Chinese weather experts have admitted that they were not properly prepared for the snow storms that have left hundreds of thousands stranded.
The cold weather seen in recent weeks has been the worst to hit central and southern provinces in decades.
Officials have blamed freak conditions, but on Monday the head of the China's meteorological office said "we did not make enough preparation".
About 100m people have been affected, with damage set at 54bn yuan (£3.8bn).
According to a BBC correspondent in Beijing, Michael Bristow, there are few facilities in the south to deal with icy roads, and power lines are too thin to cope with too much snow and ice.
New Year travel chaos
The current cold snap started nearly four weeks ago.
Freezing temperatures have brought snow, ice, sleet and fog to many areas of southern China - some of which are used to just four or five days of freezing temperatures a year.
Troops are currently working to clear blocked roads and rail lines to enable people to travel, but more snow is expected and heavy fog hit central provinces on Monday, adding to transport woes.
China's leaders have been working hard to convince people that they are tackling the situation in order to prevent frustration boiling over into unrest.
"We have to be clear minded that the inclement weather and severe disaster will continue to plague certain regions in the south," the Politburo said on Sunday.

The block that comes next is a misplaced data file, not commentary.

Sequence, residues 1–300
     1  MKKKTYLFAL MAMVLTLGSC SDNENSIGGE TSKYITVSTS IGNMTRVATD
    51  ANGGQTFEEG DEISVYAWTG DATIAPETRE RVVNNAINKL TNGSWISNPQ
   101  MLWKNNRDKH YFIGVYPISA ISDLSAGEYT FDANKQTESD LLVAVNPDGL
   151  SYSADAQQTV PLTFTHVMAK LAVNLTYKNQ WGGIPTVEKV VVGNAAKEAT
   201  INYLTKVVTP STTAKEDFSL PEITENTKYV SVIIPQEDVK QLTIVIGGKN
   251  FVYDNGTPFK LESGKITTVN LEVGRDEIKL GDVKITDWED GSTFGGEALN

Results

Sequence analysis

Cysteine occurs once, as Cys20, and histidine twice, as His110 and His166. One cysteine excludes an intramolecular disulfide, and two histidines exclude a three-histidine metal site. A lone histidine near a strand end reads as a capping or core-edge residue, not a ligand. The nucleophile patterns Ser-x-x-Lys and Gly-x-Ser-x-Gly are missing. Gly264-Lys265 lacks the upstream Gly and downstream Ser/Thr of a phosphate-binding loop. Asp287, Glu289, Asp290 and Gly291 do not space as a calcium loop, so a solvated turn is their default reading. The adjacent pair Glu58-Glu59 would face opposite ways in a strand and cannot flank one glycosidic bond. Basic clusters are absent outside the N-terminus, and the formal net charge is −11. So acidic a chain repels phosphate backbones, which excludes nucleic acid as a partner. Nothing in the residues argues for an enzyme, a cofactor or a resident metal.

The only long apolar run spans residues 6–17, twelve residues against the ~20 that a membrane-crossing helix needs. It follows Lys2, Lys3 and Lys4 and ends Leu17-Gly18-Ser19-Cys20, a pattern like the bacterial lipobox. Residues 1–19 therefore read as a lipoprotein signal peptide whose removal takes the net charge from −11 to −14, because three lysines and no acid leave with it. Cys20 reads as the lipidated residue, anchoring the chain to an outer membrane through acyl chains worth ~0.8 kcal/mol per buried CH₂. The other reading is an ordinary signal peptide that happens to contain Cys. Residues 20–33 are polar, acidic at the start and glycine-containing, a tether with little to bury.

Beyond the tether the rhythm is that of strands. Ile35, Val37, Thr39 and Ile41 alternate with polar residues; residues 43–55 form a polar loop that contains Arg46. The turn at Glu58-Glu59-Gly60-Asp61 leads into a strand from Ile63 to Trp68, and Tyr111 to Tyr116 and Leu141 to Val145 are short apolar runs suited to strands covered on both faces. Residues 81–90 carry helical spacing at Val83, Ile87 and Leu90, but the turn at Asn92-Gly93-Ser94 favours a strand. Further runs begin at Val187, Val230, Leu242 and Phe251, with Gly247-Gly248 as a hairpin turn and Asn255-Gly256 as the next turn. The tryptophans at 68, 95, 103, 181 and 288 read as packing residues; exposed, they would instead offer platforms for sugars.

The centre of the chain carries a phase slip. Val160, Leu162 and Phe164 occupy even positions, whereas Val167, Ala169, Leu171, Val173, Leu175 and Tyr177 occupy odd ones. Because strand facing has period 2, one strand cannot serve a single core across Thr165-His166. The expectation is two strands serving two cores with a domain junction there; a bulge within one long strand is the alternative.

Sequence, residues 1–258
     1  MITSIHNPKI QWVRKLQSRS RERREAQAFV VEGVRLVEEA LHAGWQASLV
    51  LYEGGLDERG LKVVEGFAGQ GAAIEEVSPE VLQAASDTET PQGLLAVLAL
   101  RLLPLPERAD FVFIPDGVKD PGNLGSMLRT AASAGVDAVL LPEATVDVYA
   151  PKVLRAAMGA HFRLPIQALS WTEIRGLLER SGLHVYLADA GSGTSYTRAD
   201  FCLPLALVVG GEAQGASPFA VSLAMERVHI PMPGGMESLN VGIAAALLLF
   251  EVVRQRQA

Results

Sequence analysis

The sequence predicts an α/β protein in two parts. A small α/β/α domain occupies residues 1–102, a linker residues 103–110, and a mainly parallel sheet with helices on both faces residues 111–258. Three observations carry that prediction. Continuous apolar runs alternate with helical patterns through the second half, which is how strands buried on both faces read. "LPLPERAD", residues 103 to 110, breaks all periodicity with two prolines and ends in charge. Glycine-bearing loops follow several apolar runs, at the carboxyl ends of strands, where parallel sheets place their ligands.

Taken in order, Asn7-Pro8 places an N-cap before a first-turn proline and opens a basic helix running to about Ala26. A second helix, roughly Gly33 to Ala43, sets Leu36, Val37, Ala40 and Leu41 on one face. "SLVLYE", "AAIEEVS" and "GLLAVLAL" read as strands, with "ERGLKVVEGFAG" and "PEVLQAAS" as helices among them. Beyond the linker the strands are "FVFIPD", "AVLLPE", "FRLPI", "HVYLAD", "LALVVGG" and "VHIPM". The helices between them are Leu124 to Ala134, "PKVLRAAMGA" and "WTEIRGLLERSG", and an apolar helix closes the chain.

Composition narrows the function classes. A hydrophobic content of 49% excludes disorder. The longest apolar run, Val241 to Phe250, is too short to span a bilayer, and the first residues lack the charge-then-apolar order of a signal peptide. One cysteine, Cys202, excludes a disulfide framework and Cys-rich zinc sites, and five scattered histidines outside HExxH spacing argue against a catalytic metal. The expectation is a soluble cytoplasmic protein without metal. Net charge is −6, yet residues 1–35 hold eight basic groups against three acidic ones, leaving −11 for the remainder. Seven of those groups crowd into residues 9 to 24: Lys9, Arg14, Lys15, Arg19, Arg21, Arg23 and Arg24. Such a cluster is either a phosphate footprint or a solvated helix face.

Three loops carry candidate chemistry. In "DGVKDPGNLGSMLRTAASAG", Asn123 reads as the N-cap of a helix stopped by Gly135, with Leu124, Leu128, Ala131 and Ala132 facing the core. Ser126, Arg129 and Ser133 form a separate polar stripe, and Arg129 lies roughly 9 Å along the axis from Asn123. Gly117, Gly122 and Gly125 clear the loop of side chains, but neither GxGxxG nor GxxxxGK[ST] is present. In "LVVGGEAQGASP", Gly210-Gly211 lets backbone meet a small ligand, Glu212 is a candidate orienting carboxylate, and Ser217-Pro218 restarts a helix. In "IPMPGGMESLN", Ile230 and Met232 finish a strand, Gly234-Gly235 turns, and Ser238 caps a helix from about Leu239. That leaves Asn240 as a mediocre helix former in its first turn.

But the head of the Chinese Meteorological Administration, Zheng Guoguang, admitted at a press conference on Monday that officials "did not expect such long-term, widespread and harsh weather conditions".
"In northern China we have quite a good emergency plan to cope with unusual weather conditions. But in southern parts of China, the mechanism and emergency plan to cope with such weather needs to be improved," he said
While some may see Mr Zheng's comments as a welcome sign of openness, our correspondent says the news will hardly go down well with travellers who are desperately trying to get home for the Lunar New Year holiday, which begins on 7 February.
Hundreds of thousands of people, many of them migrant workers, have spent days waiting at packed stations or trapped on blocked roads.
A woman was also killed in a stampede at Guangzhou station, which has seen the worst of the crowding.
About 1.3 million army troops and reservists have now been deployed to help the relief effort.
Officials have warned of future food shortages because of damaged winter crops.